New Work – Super 8 Music Video for Tom Millichamp

April 28, 2018

Earlier this year I was approached by Quay West Studios in Gosport, Hampshire with the proposal of shooting a music video with singer, songwriter, Tom Millichamp. I had worked with the Quay West and Tom previously, creating a set of images for press and his online content. That shoot was about a year prior and his music had developed incredibly in that time.

This music video was to be for his debut single If I and the really exciting part was that they wanted to shoot the video on Super 8 film for a raw, nostalgic and intimate feel. I hadn’t shot Super 8 before despite growing up when it was still just about available during the rise in popularity of VHS cameras. I did, however, have a couple of recently purchased Super 8 cameras, a Canon 514 XL and Canon 514 XLS. I decided that the latter would be ideal for the video with the 24 frames per second feature meaning it would be easier to sync sound in post.

For the film, I was keen to use Kodak Vision 3 500T 7219, a high-speed tungsten balanced film that would perform well as the shoot was to take place indoors in part of a historic museum with dark tunneling and exposed brick. I sourced the film from Gauge Film, a Birmingham based company that specialises in the distribution of Super 8 as well as processing and very high-quality telecine. They are really helpful and reasonable on price.

In all, we shot only four rolls of film at approximately 2 minutes 30 seconds per roll. We had a fairly concise shot list for wide angle, medium, and close-up shots as well as a roll designated for more free form shooting. We kept the setup very simple without lots of different scenes. It is essentially a performance video but with a lot of feeling and mood.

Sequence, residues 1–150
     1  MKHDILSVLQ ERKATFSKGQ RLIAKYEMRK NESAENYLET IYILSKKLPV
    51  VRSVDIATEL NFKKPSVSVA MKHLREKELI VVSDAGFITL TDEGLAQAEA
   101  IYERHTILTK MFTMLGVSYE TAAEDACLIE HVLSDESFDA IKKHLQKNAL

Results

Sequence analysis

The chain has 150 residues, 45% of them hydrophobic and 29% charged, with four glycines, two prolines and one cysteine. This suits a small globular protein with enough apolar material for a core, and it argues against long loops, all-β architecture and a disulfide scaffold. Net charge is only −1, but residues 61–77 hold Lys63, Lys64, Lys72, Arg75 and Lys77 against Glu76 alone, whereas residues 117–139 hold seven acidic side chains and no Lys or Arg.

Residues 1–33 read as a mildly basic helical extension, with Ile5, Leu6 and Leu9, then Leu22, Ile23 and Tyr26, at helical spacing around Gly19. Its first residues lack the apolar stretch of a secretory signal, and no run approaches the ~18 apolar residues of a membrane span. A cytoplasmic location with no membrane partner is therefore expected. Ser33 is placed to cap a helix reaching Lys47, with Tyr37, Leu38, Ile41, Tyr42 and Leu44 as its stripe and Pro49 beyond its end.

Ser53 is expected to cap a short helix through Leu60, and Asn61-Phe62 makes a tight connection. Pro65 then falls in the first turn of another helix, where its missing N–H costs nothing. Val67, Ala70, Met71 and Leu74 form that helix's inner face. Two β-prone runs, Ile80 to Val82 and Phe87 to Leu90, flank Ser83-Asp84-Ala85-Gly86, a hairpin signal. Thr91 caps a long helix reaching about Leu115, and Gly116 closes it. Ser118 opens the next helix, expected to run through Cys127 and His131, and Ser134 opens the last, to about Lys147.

What I am about to describe is pretty simple but certainly different from shooting with a DSLR or cinema camera. Sound sync when shooting on film without audio capture or timecode can be pretty daunting if you have not done it before and this was a major consideration going into the project. Modern Super 8 no longer captures sound so we had to take care to manage reference audio on set so that it would be as easy as possible to sync in post. We had the track on audio playback for Tom to perform with and we slated every shot with sticks. We used a Zoom audio recorder to capture the slate info leaving me with both the visual and audible references for the start of each take.

Additionally, the camera we used does not have a crystal sync motor so this means that the motor can have some variation which could lead to the sync drifting which would be noticeable in the edit. To get around this we shot verses and choruses as separate segments as opposed to doing long takes. We had fingers crossed this would limit any drift in the timing.

Once the shoot was complete the film was sent to Gauge Film for processing and digital transfer. Upon receiving the film back along with the flat scans, everything looked good. The edit was fairly straightforward given the prep and careful shooting. The great thing I found with the film is that the colours were very true to how we lit the scene and the scans had a fair bit of latitude for grading. For this, I used Colour Finale’s Rec 709 profile set for Vision 3 along with some curve adjustments to bring out the contrast and tones.

It was a really great project to work on and has given me the bug to shoot more Super 8 and I’m already thinking about exploring 16mm. As a medium, it is really accessible with lots of cameras to be had for a relatively low cost. The film and processing are quite expensive when you are used to shooting digitally but there is no mistaking the unique product you are left with. I would wholeheartedly recommend any filmmaker to try it if they never have. Take a look at the film below, what do you think? Have you shot any Super 8 projects yourself? What are your thoughts on the new Super 8 camera coming soon from Kodak? I know I’m excited by it!

On the day of the shoot I worked with Tom on some portraits to go alongside the release. These can be seen along with the video below. I used a Mamiya RZ67 with Kodak Porta 400 Film.